GlaxoSmithKline Allies With Web For Diet Launch

As the maker of the first weight-loss drug with regulatory approval, GlaxoSmithKline faced a dilemma: how to differentiate its product, Alli, from the many fly-by-night remedies promising weight loss without effort. To get users to buy into its assertion that long-term weight loss can only be achieved in combination with lifestyle changes, the pharma company is taking a page from Yahoo and MySpace by constructing its own portal that in many ways resembles a social network.

To accomplish this, GSK is joining the ranks of advertisers that are using the Web to become content creators and build communities around their products, like Anheuser-Busch’s ambitions with Bud.TV and the vibrant running community Nike has tapped with

For Alli, due to launch in June or July, the Web is not just a marketing conduit, but an essential component of the product. Unlike many diet pills, Alli is marketed as a complement to a strict diet and exercise regimen. The over-the-counter drug, which blocks fat production in the intestines, can increase weight loss by 50 percent, GSK claims. But only if users commit to a regimen of proper eating and exercise—a long-term lifestyle change—and a six-month program of the drug, said Steve Burton, vp of weight control for GSK’s consumer healthcare division.

“It’s an innovative and honest voice in a landscape that’s filled with products that make exaggerated claims,” he said.

GSK’s interactive agency, Dallas-based independent imc2, has built a Web portal for Alli users that goes beyond providing product information. will be available to Alli users through a registration code on each packet. The site will collect the users’ weight-loss profiles, build customized meal plans and provide feedback on their progress. Visitors will then get customized advice, with the system sensing, for example, if they have hit a wall in their weight loss and need to adjust their daily calorie intake. Message boards and blogs will let users advise and encourage each other, and advice from experts will be available.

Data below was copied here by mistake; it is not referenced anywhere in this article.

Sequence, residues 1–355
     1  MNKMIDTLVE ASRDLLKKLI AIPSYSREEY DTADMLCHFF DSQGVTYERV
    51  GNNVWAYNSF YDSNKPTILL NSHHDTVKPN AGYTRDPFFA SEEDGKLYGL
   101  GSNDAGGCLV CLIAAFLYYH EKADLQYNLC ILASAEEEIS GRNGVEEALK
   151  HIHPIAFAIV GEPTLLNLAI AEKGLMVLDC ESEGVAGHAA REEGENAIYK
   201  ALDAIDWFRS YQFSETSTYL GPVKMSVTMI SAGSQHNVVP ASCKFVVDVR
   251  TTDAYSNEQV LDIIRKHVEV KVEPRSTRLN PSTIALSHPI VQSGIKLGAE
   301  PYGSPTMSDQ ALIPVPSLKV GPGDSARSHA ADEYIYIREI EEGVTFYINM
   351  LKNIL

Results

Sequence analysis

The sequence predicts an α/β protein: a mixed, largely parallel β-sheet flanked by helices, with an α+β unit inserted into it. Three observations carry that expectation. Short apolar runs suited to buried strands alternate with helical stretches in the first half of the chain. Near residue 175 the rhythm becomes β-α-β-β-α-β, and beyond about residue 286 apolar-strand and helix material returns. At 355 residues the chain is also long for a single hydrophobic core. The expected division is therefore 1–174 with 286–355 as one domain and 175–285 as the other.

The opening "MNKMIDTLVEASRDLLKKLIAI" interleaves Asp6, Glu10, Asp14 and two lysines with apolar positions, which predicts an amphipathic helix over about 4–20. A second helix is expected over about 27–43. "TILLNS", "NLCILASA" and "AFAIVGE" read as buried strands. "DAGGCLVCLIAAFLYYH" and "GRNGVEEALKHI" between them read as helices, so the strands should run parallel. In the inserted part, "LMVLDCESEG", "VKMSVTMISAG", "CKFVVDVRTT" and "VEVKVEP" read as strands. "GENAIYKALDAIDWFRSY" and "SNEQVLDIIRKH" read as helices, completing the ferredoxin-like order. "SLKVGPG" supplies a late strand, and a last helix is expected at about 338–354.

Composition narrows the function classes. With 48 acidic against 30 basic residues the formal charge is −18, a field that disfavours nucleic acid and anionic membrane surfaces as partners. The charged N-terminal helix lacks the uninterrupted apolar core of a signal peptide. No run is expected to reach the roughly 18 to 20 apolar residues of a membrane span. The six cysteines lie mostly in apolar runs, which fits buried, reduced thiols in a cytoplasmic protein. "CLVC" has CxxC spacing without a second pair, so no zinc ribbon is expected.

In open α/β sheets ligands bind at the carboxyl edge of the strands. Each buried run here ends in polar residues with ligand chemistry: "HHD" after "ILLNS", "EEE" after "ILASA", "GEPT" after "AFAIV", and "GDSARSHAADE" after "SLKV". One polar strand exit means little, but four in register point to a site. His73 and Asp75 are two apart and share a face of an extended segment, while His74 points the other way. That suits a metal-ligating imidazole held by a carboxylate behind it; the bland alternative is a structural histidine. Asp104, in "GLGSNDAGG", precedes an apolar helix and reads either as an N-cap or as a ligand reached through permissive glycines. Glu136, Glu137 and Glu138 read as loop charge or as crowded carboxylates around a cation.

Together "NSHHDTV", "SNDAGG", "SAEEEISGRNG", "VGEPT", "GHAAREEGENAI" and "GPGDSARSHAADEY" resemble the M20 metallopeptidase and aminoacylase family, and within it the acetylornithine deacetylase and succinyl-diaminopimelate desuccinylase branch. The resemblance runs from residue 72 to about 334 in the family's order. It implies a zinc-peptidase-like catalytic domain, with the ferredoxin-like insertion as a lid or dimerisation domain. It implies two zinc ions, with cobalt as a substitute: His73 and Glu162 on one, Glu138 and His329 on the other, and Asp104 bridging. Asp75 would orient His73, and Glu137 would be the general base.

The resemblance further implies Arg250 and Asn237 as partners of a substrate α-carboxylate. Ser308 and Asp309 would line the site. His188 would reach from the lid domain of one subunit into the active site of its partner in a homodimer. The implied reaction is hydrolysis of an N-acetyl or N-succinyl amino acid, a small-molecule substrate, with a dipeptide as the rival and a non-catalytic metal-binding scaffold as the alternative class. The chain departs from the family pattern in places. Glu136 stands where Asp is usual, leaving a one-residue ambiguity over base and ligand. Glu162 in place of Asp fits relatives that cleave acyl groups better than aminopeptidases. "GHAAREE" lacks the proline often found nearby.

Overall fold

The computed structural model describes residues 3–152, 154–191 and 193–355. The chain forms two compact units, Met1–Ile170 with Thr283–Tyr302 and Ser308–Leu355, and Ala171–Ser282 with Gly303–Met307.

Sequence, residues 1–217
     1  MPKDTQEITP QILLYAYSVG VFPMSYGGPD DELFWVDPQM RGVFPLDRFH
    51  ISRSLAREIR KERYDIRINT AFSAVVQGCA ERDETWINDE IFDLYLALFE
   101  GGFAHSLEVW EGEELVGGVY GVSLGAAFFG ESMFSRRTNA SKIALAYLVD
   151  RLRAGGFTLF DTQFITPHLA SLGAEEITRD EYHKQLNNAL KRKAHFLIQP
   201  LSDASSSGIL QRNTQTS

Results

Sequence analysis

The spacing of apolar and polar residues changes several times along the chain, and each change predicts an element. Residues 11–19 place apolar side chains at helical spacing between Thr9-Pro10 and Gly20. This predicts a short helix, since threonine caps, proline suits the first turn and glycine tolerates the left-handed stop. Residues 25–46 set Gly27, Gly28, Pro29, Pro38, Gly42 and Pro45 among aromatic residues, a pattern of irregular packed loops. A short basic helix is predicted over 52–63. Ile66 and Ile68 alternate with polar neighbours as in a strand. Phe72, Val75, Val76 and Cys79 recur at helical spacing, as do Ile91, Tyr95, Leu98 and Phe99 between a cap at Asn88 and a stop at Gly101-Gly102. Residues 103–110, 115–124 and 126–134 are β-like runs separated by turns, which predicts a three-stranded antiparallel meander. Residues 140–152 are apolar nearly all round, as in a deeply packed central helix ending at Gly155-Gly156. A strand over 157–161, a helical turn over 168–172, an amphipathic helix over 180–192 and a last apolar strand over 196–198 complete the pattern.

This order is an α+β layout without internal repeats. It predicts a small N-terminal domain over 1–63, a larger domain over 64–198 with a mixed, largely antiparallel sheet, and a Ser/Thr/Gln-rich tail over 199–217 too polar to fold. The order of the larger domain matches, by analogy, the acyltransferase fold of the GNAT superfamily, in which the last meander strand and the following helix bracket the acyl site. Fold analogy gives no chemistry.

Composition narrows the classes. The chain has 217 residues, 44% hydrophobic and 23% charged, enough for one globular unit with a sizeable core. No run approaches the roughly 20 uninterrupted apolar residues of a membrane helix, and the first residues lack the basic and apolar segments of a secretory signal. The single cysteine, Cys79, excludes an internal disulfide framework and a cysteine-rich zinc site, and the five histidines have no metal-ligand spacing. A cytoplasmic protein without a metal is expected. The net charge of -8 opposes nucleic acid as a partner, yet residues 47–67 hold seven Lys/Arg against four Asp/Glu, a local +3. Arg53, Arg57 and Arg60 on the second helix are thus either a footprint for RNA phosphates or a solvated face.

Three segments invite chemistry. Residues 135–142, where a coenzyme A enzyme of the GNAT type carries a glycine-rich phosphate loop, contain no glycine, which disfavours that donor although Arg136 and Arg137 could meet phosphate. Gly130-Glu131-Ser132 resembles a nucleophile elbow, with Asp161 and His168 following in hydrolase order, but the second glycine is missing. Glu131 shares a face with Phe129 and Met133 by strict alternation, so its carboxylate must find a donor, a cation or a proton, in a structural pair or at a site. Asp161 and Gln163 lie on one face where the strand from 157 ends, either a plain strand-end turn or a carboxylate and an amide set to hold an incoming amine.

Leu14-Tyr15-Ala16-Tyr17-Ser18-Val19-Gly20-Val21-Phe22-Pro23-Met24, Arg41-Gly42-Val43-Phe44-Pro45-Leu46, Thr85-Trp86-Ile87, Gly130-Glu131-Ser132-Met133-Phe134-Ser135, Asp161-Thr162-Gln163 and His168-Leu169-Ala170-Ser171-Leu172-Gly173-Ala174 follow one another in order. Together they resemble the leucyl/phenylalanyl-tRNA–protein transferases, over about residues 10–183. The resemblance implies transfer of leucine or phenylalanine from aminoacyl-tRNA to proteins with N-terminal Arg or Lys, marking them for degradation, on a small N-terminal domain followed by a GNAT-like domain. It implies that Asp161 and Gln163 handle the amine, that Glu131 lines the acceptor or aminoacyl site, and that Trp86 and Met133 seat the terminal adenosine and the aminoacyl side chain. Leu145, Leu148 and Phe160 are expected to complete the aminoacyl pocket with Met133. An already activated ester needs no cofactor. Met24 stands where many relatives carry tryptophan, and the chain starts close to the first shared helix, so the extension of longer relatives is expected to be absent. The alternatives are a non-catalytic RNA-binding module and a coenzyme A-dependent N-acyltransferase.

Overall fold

“It truly is designed as a destination to help people not just educate themselves, but to help them along the way,” said Beth Kuykendall, vp and managing director of imc2.

Although consumers are turning more and more to the Web for health information, there is evidence that there is a dearth of content to satisfy demand, said Larry Mickelberg, svp of strategy at Medical Broadcasting Company, a Digitas-owned pharma agency in Philadelphia. He noted that over 80 percent of Web users have searched for healthcare information, yet under 20 percent found satisfactory answers, according to a 2006 study from Jupiter Research. Pharma companies have the resources to fill that gap, he said. “There’s already latent demand in the marketplace that’s not being served by most pharmaceutical marketers,” he said. “Their audience has beaten them to the Internet.”

With that in mind, GSK launched, a site dedicated to debunking myths about fad diets and weight-loss supplements, before Alli had received FDA approval. The site does not mention Alli, though it carries notice that it was built by GSK. Burton said the main purpose of the site was “public service,” although it did collect visitors’ e-mail addresses.

GSK is taking its publisher role a step further in its pre-launch marketing with the release of a 140-page book, Are You Losing It?, which aims to deliver sensible weight-loss information, and 20 pages of Alli background.

While GSK said it’s keen to be seen as a trusted source of information about weight loss, pharma companies should tread lightly when doubling as content publishers, said Brad Aronson, evp at Avenue A/Razorfish. It is often more effective, even for new treatments, to partner with already trusted health publishers and communities, like WebMD and

“They’re not going to the pharmaceutical company to learn about a disease or condition,” he said. “We want to be realistic that for conditions where there’s a lot content out there they’re not going to look to us for that content.”